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How to use your brain to live a long life

Posted: Updated: Jun 12, 2018 8:03 AM
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Recently, a friend and colleague passed away. He was a good man who died far too young. Upon learning the news, my emotions ranged from anger to grief to solemnness. But above all, I was scared. That emotion is selfish, but nonetheless it lingered as I thought about all the people I would miss and the experiences I wouldn't have if I died young. And then my mind drifted to where any amateur doctor's would go - a plan of action. Here are some things I have learned over the years about our brains that I am hoping will keep all of us alive a little longer:

Sleep

I have written about sleep before, but it is probably one of the most overlooked lifelines we have. Sleep is required to clear toxins from the brain. If you were to try to live without any sleep at all, the toxins would build up and kill you after about 200 hours. In the case of limited sleep, the toxins kill you more slowly, over time. Every night counts, so making it a habit is one of the best things you can do for yourself.

Walk more, run less

We are all naturally lazy, and for good reason: Our brains were wired to conserve energy because food was really hard to find. But now that we eat until we are nauseated and don't have to physically work to get our food, we need other ways to remain active and fit. Everyone knows the benefits of exercise; I have nothing to add here. But almost everyone overlooks a large body of research showing the opposite, namely that too much, too aggressive or too strenuous exercise comes with as many dangers as a sedentary lifestyle. World-class athletes often pay a huge physical toll later in life, as do people who participate in extreme sports. But even overdoing it with strenuous exercise, such as long-distance running or cycling, can cause more harm than good. Consistent, low-impact exercise is your best bet to keep your heart, your mind and your joints healthy. Want a sweat shortcut? Invest in a sauna: Studies show regular use of a sauna can decrease your risk of a stroke by 60% and reduce the risk of heart disease and even Alzheimer's.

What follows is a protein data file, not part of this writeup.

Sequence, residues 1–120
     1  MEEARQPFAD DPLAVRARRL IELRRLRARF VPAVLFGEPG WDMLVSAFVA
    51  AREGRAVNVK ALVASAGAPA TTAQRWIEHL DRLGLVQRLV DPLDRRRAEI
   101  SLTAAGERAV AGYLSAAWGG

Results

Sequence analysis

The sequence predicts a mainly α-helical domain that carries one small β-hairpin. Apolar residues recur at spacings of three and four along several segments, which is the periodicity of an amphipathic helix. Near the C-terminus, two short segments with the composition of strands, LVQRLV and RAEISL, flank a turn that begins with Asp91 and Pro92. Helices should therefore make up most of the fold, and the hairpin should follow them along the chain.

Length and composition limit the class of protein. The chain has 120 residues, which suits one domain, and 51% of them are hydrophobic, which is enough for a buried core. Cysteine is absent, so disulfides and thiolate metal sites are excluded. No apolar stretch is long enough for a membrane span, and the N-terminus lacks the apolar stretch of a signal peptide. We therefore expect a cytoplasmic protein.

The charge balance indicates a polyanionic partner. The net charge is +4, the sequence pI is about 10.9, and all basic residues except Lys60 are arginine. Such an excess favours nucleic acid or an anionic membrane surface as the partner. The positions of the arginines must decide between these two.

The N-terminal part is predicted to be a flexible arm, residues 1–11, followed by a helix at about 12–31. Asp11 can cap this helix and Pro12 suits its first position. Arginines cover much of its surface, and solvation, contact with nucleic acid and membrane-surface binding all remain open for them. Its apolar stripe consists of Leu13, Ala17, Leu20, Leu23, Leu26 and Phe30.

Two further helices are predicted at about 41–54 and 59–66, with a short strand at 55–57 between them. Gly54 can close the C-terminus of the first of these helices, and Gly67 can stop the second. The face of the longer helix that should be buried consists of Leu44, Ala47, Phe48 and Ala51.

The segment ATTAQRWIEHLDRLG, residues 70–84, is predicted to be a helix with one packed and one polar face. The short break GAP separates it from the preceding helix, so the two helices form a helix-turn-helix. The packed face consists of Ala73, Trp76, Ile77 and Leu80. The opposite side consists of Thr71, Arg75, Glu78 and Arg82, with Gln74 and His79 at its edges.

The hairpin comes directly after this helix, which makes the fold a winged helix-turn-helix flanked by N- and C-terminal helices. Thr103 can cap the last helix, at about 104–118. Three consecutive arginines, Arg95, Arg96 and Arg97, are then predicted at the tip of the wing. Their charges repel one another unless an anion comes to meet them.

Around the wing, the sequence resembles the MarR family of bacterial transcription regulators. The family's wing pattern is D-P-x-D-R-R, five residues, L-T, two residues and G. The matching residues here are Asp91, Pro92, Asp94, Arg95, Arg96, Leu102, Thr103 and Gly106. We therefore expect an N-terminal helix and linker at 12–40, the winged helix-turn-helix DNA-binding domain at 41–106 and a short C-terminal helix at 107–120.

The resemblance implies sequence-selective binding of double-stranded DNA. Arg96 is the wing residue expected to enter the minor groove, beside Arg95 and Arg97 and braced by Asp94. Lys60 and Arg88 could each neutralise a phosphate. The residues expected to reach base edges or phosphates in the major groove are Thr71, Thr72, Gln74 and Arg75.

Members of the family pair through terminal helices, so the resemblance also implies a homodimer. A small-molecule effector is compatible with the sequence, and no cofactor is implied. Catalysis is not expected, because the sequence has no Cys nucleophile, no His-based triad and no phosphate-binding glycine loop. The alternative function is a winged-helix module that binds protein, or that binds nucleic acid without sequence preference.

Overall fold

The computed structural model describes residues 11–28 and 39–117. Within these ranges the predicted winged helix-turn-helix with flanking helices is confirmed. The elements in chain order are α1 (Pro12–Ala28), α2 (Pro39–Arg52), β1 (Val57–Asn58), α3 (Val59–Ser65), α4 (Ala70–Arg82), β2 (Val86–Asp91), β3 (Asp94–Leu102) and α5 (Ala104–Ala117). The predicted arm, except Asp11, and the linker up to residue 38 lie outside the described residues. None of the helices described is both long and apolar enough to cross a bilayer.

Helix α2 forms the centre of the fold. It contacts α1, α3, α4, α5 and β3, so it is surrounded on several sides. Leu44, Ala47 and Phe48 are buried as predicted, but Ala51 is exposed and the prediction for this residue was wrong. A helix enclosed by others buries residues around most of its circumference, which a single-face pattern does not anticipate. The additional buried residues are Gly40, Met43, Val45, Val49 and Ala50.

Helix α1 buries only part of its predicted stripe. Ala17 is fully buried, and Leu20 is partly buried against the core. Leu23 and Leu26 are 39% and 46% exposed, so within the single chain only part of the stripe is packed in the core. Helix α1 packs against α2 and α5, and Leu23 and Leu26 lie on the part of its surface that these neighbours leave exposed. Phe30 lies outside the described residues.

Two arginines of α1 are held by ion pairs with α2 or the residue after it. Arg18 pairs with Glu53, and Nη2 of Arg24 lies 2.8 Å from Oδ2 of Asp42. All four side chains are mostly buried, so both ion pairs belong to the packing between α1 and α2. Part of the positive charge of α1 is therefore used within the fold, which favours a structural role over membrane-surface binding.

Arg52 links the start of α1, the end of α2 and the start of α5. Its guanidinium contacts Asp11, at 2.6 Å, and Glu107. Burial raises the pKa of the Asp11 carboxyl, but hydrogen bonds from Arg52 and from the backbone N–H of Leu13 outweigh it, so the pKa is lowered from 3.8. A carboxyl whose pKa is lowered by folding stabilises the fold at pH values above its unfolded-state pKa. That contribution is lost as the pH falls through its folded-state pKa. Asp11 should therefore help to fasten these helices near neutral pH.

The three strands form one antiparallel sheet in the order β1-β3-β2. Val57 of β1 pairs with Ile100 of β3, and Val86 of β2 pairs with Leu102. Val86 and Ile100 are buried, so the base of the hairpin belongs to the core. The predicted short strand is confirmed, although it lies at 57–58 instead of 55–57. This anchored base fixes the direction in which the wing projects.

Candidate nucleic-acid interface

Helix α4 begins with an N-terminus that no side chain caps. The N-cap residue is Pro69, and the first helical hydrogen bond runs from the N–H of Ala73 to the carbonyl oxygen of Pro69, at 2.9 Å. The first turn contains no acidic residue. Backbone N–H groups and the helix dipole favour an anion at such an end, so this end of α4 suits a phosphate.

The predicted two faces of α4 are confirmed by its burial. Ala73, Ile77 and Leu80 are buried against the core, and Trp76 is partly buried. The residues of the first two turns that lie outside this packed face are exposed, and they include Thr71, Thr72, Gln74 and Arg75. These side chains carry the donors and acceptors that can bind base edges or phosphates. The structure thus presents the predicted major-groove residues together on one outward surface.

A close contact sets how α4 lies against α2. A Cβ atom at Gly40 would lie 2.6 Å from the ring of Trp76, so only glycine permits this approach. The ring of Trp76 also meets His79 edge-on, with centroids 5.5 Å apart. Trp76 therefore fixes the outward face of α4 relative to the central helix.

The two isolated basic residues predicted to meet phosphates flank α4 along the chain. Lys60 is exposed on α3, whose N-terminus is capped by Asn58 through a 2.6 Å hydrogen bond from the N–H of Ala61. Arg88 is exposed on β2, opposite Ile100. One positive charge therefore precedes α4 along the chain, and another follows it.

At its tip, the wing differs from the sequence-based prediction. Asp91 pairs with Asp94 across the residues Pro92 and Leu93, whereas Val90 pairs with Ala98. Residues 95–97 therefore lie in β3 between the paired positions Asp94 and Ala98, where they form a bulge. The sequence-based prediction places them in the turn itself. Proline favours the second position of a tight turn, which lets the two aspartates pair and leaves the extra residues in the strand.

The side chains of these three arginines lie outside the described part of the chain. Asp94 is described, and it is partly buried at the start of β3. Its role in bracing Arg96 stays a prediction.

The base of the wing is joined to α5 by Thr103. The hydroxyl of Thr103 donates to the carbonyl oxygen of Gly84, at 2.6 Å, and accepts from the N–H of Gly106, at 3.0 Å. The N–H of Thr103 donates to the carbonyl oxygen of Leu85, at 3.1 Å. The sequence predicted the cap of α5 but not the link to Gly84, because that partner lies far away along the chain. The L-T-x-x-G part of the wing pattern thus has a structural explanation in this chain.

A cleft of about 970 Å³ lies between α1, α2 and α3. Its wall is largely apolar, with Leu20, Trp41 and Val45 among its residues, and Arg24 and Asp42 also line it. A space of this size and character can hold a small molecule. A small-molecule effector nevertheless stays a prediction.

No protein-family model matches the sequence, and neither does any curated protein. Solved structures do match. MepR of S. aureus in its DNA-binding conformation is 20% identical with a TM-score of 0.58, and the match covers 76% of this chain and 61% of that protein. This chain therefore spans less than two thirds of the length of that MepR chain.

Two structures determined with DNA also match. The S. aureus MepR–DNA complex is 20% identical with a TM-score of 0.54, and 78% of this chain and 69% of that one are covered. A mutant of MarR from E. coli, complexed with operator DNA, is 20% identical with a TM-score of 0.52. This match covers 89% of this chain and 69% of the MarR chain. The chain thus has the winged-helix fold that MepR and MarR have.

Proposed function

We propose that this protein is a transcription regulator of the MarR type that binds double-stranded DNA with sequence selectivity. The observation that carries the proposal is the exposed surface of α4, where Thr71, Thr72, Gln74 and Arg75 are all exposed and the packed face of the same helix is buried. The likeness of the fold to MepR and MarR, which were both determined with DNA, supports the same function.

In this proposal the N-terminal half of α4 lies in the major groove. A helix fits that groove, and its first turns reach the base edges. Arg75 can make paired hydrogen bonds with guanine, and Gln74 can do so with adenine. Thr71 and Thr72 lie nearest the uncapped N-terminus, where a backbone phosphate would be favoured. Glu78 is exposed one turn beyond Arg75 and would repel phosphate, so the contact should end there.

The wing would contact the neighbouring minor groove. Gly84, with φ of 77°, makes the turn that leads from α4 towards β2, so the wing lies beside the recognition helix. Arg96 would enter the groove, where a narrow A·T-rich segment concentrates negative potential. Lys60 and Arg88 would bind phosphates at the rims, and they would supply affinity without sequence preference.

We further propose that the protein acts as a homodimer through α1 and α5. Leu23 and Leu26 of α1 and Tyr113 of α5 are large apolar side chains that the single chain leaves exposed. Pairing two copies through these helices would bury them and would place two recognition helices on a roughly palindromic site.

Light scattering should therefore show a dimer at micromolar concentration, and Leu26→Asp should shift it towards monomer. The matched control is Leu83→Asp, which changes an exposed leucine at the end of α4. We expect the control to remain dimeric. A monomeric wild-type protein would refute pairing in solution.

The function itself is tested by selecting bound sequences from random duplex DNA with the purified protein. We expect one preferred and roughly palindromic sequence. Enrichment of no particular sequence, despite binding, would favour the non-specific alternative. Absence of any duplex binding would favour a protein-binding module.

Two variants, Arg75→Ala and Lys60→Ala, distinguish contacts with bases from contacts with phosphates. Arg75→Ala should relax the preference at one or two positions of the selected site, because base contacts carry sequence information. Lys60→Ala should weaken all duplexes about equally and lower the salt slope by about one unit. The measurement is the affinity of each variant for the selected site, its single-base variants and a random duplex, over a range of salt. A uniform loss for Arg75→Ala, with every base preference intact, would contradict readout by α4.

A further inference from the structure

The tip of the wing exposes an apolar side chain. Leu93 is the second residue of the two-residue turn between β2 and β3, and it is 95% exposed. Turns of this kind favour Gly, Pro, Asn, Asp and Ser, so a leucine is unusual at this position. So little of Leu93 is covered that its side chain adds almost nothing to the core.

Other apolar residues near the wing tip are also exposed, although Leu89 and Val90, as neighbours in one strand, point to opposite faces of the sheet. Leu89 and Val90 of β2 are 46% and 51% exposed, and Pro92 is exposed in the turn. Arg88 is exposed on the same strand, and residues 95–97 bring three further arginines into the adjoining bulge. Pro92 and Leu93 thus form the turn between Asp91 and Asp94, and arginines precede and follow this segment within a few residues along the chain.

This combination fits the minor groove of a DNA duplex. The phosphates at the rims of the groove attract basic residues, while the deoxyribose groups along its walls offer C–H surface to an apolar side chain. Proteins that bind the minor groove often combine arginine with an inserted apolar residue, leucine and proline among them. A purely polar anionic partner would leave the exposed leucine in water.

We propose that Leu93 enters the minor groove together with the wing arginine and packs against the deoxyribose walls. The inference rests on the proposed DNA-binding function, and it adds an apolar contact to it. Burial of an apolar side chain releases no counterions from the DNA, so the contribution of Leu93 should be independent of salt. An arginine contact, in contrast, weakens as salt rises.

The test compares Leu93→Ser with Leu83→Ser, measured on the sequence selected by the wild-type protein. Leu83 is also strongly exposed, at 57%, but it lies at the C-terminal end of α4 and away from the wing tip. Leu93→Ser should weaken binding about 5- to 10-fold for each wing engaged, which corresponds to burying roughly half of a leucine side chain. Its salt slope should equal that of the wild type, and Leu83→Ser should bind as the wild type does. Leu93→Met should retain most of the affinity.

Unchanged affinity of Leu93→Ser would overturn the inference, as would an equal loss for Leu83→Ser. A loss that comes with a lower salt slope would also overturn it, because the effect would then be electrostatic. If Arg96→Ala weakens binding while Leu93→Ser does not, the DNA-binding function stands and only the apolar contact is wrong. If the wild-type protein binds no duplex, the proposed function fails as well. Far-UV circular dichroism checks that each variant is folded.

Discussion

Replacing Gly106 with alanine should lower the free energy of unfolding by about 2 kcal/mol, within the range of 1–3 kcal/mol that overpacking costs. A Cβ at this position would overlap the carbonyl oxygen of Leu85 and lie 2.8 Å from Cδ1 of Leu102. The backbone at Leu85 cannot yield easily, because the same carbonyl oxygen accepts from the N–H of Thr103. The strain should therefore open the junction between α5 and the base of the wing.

Don't diet

Those pesky researchers in food labs have discovered all kinds of ways to make us crave their food. They manipulate the smell, taste, texture, color and even the names of foods to keep our brains fixated on eating more of what we don't need. Our only remedy for overindulging seems to be dieting. But no self-help advice is more dangerous or misunderstood than dieting. Is it worse to eat fat or carbs? Is Atkins or Paleo more effective? There are many tricks and gimmicks, but we have always known what is healthiest - stick with unprocessed foods and eat as much as you like. Back in the wild, learning to cook and process food was important to our survival and our ability to maintain our large brains. But in our modern, food-abundant society, we need to head back to nature. I know that's easier said than done, so even I have put together some tricks on the subject. Forget dieting; just eat real food.